Herpes Simplex Virus DNA-Binding Proteins: Studies on 21K and the 'a' Sequence

MacLean, Christine Anne (1987) Herpes Simplex Virus DNA-Binding Proteins: Studies on 21K and the 'a' Sequence. PhD thesis, University of Glasgow.

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This project has involved the investigation of the polypeptide products of gene US11, and their involvement in DNA-protein interactions occurring within the 'a' sequence of HSV-1. The work stems from the observation of Dalziel and Marsden (1984), that polypeptides of apparent molecular weight 21,000 and 22,000 (21K, 22K) specifically interacted with the HSV-1 'a' sequence - a sequence involved in a number of functions, including circularisation of the virus genome, inversion between the L and S segments of the genome, and cleavage and packaging of viral DNA. To characterise the 21K/22K polypeptides, antisera were raised against synthetic oligopeptides corresponding to five different regions of the predicted US11 gene product, since earlier evidence suggested that the 21K and 22K polypeptides were the products of this gene. All five oligopeptides were immunogenic, and four induced antisera which appeared to recognise virus-specific polypeptides. The polypeptides recognised included species with apparent molecular weights of 22K, 21K, 17.5K, 15K, 14K and 11K, and these were shown, by tryptic peptide analysis, to share common amino acid sequences. Timecourse experiments, and the use of phosphonoacetic acid, an inhibitor of viral DNA replication, established that the 21K and 22K polypeptides are true late gene products, and immunoblotting of proteins eluted from DNA cellulose demonstrated that they are also DNA-binding proteins. Immune electron microscopy studies, however, demonstrated that the US11 gene products localise strongly to nucleoli of infected cells - an unexpected location for an 'a' sequence binding protein, since viral DNA is absent from nucleoli (Rixon et al. , 1983). Attempts to purify the 21K polypeptide, with a view to studying in more detail its interaction with the 'a' sequence, met with little success. Therefore, DNase I footprinting experiments on the HSV-1 'a' sequence were carried out, using crude whole cell extracts. The experiments revealed DNA-protein interactions occurring within two regions of the 'a' sequence - the DR2 repeat elements and the region. These interactions were specific for virus-infected cell extracts. Within the DR2 repeat region a repetitive pattern was seen, consisting of an area of protection (spanning seven nucleotides - GGGGAGG), flanked on either side by two nucleotides (AG and GG) at which cleavage was enhanced, and separated by one unaffected nucleotide (C). Within the region there was no apparent protection, however, there was a very marked increase in cleavage between a number of nucleotides. The crude whole cell extracts possessed both a 5'--3' exonuclease and a DNase I-like activity which limited the usefulness of the footprinting assay : it was therefore not possible to determine whether specific cleavage events were generating the enhanced cleavages observed. Use of an HSV-2 deletion mutant lacking gene Us11 demonstrated that the products of this gene are not involved in these interactions. Timecourse and drug inhibition experiments suggested that early polypeptides are involved, while experiments involving a temperature sensitive mutant tsK showed that immediate-early polypeptides, with the possible exception of Vmw175, are not sufficient alone to produce the observed interactions. The HSV-1 and HSV-2 'a' sequences are heterogeneous and share only limited stretches of homology (Davison and Wilkie, 1981). The most extensive region of homology lies within Ub, and overlaps the region of enhancement. The use of a cloned synthetic oligonucleotide representing this homology region, and an intact HSV-2 'a' sequence, suggested that the homology region is involved in the interactions observed . Enhancement was only observed on 3' end-labelled DNA fragments. For technical reasons, it was only possible to 3' end-label one strand of the intact HSV-1 'a' sequence close to the region, and one strand (the opposite strand) of the cloned synthetic oligonucleotide representing the homology region. Comparison of the patterns of enhancement observed on these two substrates led to the conclusion that the enhanced cleavages could reflect the 5' boundaries of protein binding sites, revealed by an endogenous 5'-3' exonuclease activity. Two putative Ub-binding sites are proposed, one contained entirely within, and the other overlapping, the homology region. These have the sequence 5' -CCAAAACCCCCCC-3.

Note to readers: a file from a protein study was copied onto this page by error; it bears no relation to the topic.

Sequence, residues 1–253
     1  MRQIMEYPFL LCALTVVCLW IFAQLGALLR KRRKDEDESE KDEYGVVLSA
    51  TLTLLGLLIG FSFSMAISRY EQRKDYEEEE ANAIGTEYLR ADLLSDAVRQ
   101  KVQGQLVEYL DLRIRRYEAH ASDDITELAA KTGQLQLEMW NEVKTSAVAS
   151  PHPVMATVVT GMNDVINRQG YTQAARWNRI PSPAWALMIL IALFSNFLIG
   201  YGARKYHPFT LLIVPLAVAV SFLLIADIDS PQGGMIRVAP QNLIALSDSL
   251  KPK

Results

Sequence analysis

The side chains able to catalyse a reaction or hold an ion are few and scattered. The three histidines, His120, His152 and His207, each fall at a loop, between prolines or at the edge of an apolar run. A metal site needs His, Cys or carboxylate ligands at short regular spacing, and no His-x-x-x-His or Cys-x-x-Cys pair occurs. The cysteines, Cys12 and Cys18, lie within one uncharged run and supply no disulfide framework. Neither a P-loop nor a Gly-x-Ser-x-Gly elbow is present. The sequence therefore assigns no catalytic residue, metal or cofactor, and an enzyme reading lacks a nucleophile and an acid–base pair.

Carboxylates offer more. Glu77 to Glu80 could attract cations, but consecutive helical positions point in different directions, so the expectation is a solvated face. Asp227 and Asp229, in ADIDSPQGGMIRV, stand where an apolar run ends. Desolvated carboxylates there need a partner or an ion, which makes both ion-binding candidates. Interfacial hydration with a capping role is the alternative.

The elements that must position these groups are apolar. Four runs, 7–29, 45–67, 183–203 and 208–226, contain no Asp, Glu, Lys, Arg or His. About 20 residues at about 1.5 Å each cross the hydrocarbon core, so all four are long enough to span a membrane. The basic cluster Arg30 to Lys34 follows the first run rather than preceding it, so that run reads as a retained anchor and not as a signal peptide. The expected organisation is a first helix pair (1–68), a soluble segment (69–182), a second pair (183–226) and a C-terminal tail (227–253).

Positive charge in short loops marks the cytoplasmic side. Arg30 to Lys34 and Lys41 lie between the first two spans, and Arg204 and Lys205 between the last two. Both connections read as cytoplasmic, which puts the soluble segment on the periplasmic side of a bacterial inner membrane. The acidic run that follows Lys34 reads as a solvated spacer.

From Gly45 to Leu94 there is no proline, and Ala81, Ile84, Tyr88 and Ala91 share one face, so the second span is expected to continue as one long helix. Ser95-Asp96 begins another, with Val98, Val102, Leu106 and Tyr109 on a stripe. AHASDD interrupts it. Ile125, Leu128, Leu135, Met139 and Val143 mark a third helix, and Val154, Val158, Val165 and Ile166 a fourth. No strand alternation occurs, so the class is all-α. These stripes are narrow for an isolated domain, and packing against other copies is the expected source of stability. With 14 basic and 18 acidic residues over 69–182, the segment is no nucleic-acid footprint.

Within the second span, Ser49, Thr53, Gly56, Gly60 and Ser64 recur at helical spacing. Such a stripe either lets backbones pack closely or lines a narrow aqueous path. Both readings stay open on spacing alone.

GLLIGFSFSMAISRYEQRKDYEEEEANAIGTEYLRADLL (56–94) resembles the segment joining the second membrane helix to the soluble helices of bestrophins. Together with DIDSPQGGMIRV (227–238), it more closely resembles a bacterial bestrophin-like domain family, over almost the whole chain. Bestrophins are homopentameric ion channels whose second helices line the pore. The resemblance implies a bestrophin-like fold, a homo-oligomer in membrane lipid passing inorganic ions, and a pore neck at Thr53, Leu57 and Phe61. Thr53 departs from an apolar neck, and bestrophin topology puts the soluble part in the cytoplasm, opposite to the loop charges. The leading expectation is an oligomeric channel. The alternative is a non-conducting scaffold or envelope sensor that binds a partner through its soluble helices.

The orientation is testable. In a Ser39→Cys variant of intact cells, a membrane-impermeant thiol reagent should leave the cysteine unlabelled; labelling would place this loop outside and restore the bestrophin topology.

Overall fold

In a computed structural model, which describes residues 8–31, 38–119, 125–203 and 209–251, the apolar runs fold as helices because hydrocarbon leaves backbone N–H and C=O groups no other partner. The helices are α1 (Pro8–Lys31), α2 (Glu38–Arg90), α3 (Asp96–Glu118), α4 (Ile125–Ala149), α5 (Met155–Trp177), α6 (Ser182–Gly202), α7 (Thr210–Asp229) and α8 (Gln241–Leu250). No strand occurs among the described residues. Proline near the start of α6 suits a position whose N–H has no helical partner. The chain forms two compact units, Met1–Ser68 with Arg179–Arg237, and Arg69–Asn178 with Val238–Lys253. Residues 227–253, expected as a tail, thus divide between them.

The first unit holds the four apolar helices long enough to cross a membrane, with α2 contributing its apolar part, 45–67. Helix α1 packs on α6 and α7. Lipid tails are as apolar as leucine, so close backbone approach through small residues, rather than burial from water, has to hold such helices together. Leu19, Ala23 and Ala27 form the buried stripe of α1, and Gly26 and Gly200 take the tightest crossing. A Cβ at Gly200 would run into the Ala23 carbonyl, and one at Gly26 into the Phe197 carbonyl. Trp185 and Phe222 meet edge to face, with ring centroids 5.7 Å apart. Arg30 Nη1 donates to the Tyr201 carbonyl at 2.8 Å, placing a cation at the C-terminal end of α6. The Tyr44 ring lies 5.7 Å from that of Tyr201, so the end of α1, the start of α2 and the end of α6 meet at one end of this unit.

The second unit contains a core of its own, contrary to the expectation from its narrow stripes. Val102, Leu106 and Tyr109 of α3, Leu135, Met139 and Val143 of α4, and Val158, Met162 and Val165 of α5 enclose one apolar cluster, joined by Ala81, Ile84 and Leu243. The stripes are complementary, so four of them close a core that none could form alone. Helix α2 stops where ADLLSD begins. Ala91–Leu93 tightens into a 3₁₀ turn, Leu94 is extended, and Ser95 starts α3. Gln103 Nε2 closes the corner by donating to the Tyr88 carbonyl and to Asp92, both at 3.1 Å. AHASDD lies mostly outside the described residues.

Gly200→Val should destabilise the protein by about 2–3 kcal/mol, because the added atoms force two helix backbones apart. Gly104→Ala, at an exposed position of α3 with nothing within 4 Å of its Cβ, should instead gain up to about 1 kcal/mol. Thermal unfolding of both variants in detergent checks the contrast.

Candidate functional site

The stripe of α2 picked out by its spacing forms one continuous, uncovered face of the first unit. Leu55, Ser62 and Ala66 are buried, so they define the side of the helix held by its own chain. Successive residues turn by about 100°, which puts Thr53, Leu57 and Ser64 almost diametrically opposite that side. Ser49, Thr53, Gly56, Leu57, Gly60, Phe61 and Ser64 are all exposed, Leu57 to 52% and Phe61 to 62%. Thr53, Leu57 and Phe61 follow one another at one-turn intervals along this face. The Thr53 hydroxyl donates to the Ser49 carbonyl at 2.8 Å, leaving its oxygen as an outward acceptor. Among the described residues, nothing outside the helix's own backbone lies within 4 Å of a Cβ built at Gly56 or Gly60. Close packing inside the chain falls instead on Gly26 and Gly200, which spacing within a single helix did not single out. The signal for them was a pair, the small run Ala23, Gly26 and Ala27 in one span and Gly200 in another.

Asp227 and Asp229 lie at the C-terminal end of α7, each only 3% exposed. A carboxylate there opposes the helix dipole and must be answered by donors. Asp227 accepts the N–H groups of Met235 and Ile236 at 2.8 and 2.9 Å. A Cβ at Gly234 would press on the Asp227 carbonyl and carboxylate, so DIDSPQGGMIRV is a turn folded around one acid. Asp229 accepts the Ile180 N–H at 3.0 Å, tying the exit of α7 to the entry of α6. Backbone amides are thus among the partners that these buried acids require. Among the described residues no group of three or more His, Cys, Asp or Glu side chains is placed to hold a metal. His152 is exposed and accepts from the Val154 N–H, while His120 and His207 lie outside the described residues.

Item Type: Thesis (PhD)
Qualification Level: Doctoral
Keywords: Virology
Date of Award: 1987
Depositing User: Enlighten Team
Unique ID: glathesis:1987-77566
Copyright: Copyright of this thesis is held by the author.
Date Deposited: 14 Jan 2020 11:53
Last Modified: 14 Jan 2020 11:53
URI: https://theses.gla.ac.uk/id/eprint/77566

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